Opposition to imposing criminal sanctions on yeshivah students who do not comply with a new military draft law encountered strong opposition in the Knesset this week from chareidi MKs, along with experts who testified before the special committee tasked with reviewing the issue. The committee chairwoman, Jewish Home MK Ayelet Shaked, is also opposed to criminal sanctions, preferring harsh economic sanctions instead.
The sternest warning against criminal sanctions was heard from United Torah Judaism MK Rabbi Moshe Gafni, who told the committee that “if you define yeshivah students who don’t enlist as criminals, then I will call on everyone [even those who are not learning] not to enlist.”
Rabbi Gafni argued that criminalization would accomplish the reverse of the committee’s purported objective, of finalizing a bill that would promote chareidi recruitment.
“If you want chareidim to serve, don’t impose criminal sanctions,” he continued, adding that the trend of increased chareidi enlistment over the past few years would not be strengthened but halted.
Shas MK Ariel Atias raised the specter of a societal rupture of such sanctions were passed into law.
Atias also noted that “certain segments of the chareidi public are angry that we are sitting here at all [participating in this committee]. They want to see an extreme law, so that chareidim will not mix with the secular population…. Listen to what I am saying to you…. Don’t go there.”
In a similar vein, Prof. Menachem Friedman of Bar-Ilan University, a recognized expert in sociology, said at the hearing that it would be “problematic” to criminalize people whose motives for not wanting to enlist were ideological.
“We do not want to create prison camps for people who do not want to fulfill a [particular] law,” the professor said. “It won’t help and will generate much greater opposition.”
Prof. Yedidia Stern of the Israel Democracy Institute said, “People waving about the notion of [national service] equality to the [bitter] end will get not the desired results, but instead a split in Israeli society,” he argued. “We can’t take up a weapon which is impossible to use.”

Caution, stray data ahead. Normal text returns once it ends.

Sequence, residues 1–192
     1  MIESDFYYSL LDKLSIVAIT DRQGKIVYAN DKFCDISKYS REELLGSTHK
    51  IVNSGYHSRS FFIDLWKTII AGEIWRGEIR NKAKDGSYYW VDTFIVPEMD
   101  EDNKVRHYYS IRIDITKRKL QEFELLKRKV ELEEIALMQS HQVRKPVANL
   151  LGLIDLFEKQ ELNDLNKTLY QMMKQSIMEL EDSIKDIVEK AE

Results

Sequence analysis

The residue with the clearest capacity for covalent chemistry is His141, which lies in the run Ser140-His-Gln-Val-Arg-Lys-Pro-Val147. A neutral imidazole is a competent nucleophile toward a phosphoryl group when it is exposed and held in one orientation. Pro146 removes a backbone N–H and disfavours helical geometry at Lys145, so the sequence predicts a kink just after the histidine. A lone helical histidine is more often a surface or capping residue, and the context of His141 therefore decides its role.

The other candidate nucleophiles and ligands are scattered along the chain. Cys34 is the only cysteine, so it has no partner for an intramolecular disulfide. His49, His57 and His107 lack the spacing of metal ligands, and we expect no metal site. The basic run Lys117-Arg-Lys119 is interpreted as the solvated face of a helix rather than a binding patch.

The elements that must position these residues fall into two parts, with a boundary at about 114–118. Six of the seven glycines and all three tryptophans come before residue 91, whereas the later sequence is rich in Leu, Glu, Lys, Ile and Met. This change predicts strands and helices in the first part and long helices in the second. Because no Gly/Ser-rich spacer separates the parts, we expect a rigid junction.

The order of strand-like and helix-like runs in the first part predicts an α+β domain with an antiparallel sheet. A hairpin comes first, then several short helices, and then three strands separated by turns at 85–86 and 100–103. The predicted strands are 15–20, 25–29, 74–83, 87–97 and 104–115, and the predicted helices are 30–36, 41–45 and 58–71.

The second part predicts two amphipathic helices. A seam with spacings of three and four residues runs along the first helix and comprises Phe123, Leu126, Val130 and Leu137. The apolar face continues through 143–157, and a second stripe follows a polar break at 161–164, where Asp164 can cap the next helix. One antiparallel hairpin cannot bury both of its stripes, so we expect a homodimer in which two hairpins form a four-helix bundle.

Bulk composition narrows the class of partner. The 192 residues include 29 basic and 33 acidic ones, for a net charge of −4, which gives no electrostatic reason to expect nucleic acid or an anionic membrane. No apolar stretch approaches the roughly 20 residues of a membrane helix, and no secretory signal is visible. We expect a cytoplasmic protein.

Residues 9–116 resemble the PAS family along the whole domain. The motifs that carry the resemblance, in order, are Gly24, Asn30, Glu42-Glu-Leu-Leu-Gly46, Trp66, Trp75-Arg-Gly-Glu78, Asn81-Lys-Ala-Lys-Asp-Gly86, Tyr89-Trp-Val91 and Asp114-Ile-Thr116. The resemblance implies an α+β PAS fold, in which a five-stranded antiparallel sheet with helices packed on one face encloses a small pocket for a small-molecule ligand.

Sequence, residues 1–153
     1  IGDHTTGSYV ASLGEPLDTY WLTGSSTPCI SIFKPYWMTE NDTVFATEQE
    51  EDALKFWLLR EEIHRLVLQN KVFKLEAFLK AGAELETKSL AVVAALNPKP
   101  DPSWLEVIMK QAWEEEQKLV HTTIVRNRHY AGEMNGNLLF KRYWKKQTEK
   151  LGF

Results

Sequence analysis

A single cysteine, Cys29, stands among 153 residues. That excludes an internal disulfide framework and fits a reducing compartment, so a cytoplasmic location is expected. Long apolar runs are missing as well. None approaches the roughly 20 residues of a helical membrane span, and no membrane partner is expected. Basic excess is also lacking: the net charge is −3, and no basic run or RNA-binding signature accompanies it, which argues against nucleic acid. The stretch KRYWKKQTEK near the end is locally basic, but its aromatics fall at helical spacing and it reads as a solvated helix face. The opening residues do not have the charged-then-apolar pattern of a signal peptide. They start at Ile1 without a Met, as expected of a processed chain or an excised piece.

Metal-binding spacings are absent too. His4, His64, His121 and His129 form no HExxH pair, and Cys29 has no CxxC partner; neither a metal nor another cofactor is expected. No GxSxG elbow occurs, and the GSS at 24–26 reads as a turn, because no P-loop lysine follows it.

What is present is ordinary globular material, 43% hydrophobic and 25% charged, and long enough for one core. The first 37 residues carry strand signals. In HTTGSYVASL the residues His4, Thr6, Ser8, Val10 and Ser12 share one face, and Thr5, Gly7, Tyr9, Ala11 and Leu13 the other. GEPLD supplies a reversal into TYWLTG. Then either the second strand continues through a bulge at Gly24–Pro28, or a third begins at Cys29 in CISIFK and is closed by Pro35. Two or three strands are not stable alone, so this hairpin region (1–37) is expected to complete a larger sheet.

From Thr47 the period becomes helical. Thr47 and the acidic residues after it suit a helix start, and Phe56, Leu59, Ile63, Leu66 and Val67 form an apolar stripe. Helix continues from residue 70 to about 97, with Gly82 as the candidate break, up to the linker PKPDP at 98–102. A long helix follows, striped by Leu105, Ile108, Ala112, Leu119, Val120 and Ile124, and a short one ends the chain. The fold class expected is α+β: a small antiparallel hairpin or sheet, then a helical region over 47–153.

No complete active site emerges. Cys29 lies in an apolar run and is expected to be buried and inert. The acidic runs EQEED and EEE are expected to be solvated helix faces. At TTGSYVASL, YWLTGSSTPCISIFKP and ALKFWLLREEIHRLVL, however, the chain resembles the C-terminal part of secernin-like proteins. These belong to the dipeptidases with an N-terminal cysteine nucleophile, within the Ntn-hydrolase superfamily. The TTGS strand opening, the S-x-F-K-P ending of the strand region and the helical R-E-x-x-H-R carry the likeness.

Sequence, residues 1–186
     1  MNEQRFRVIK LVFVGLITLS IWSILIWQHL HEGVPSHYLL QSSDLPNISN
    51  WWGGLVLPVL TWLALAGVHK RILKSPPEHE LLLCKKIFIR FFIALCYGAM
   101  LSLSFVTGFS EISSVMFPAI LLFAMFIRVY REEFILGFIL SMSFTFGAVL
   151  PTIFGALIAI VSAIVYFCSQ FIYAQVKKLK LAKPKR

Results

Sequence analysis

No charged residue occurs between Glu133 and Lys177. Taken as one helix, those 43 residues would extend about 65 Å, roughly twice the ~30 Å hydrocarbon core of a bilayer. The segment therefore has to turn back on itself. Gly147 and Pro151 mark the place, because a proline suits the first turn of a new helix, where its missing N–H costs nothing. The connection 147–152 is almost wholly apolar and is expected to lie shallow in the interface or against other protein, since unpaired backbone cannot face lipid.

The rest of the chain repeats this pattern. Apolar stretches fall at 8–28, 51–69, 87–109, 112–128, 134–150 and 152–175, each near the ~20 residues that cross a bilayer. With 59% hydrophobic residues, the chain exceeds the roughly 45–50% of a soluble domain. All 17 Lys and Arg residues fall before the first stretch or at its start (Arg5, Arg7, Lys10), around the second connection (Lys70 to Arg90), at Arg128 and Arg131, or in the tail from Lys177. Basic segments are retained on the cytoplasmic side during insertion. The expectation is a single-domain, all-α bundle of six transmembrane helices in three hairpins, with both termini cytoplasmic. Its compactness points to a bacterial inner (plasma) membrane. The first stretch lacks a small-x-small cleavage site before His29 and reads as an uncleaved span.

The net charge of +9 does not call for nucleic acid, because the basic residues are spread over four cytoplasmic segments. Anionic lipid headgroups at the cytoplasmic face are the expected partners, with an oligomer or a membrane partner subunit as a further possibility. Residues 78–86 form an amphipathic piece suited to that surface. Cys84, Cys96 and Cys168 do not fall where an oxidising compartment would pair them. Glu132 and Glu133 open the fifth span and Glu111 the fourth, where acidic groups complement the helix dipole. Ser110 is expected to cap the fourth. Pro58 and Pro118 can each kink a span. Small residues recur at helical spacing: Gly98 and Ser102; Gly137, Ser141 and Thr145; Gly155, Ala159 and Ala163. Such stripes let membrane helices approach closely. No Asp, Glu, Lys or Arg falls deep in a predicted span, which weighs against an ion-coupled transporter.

The main proponents of criminal sanctions continue to be the Yesh Atid MKs. Speaking for the party, MK Ofer Shelah claimed that such measures were the only way to maintain a “national army.”
“Changing the bill by replacing criminal sanctions with financial ones would totally undermine the notion of a national army and service for all,” he said.
The committee headed by Yaakov Peri (Yesh Atid) earlier this year recommended enforcement of the Law of the Security Services, which calls for up to two years’ imprisonment for anyone who refuses military induction.
“Any attempt to prevent the implementation of obligatory service will encounter uncompromising opposition from us,” said MK Peri this week.
Committee chairwoman Ayelet Shaked (Jewish Home) informed the members at Tuesday’s hearing that contrary to previous evaluations, it would be legally feasible to impose economic sanctions for those who refuse to serve in the army.
Shaked listed numerous benefits that could be withheld, including: state assistance for rental payments and mortgages, as well as other forms of state subsidized housing, municipal tax discounts, and stipends to yeshivah students.
Shaked pleaded for a pragmatic approach to the problem.
“The question is how to do this,” she said. “What’s the point of passing a law if we know it can’t be enforced? We all know that if we impose criminal sanctions, no one is going to send the military police into Bnei Brak or Yerushalayim.”
Shaked had harsh words for Peri and Yesh Atid’s bullying tactics. “Unlike Peri, I believe in democracy, not the ditatorship of Yesh Atid, which she accused of seeking to obstruct the committee’s progress toward a viable solution.
Shaked said that she intended to bring the matter to a vote by the middle of December, and would abide by the will of the majority.
However, in spite of the criticism, Yesh Atid MK’s expressed confidence that once the issue of criminal sanctions is put to a vote, a majority of the committee will support it.